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Gillard urges G20 reforms

Prime Minister Julia Gillard has urged world leaders to look beyond the G20 meeting to improve their economies, amid rising unrest in countries struggling to come out of recession.


The prime minister told G20 leaders that unrest such as riots and rallies in England, France and Greece over government belt-tightening and the success of America’s Tea Party movement should not pressure governments into insular thinking such as trade protectionism.

In the Thursday night discussions on the challenges of the future, she said the pressure to wind back economic reform had only just begun and more difficult days lay ahead.

Many G20 members have begun major cutbacks in government spending as they experience low growth rates and high unemployment during the fallout from the global financial crisis.

Ms Gillard said moves to bring in blinkered economic policies were best resisted by nations working together and anyone breaking ranks would make it harder for everyone.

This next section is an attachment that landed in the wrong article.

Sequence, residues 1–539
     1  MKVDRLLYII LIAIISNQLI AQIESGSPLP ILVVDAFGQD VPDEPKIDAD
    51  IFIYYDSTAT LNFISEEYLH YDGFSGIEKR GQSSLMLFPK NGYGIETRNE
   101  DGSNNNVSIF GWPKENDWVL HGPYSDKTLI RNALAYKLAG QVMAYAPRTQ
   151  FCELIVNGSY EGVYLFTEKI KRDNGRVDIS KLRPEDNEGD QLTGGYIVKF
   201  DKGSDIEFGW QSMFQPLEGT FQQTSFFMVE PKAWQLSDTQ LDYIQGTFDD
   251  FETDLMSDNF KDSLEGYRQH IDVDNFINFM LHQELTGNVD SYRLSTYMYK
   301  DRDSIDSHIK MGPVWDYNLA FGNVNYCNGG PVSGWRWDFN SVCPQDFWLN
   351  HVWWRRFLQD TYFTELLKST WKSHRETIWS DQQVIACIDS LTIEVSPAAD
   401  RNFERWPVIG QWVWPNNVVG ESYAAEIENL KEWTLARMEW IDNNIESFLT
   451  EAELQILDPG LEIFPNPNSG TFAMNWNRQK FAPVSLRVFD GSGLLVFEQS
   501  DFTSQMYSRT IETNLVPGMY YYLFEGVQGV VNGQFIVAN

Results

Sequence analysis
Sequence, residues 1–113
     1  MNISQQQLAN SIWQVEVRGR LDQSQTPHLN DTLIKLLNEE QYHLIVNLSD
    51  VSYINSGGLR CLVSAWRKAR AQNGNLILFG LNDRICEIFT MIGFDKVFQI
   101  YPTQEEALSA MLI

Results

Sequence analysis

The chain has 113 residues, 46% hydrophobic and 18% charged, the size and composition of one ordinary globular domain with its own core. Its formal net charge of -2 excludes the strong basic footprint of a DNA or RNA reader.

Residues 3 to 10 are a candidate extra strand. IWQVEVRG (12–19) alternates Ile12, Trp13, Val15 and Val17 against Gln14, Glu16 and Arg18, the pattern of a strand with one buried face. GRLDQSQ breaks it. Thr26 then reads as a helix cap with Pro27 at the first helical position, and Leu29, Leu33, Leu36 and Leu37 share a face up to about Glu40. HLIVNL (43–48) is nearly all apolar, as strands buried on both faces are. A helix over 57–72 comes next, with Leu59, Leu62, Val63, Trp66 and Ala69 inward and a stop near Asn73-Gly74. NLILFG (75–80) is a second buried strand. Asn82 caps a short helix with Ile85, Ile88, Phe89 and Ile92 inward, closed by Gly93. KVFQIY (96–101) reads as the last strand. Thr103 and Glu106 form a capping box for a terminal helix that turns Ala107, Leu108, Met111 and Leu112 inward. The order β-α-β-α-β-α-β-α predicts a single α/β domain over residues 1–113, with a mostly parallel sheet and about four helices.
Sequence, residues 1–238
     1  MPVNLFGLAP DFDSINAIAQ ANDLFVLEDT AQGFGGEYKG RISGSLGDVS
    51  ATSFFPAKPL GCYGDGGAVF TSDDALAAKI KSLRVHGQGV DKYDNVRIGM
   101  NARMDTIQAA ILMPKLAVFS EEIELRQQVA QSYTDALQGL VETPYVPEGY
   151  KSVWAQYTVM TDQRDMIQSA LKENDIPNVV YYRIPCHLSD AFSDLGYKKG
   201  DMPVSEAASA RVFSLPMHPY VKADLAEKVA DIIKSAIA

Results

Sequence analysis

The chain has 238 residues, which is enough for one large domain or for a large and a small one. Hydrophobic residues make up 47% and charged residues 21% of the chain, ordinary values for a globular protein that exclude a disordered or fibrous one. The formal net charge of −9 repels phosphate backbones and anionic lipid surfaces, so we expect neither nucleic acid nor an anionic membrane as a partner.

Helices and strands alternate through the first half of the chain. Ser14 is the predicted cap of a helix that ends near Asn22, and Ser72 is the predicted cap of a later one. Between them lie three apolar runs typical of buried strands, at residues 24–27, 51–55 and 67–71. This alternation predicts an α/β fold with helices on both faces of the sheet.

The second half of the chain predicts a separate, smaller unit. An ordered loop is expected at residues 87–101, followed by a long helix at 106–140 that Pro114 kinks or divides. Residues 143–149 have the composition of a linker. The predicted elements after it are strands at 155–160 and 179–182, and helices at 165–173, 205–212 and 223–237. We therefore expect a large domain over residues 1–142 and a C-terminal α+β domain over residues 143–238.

As the battle between the US and China continued over exchange rates, the prime minister said it was important the G20 did not fudge the issue and committed to clear timelines for countries to move towards more market-based exchange rates.

China has been accused of flooding markets such as the US with cheap goods, by manipulating the yuan.

But China argues cutting back on exports would risk pushing millions of people into poverty and creating instability.

However Australia doesn’t expect China to move quickly on this.

It is understood a form of words for the final G20 communique to be released on Friday afternoon is close to agreement.

It is expected the finance ministers meeting in France in February will discuss indicative guidelines to assess what each country needs to do to rebalance their trading performance.

After the International Monetary Fund runs its eye over each country’s books, it will report to a meeting of finance ministers in April.

Many G20 leaders believe that 2011 offers an excellent opportunity for action, given it is largely free of the pressures of national elections.

Ms Gillard briefly met with US President Barack Obama on Thursday night, but will hold her first formal talks with him in Yokohama on Saturday.

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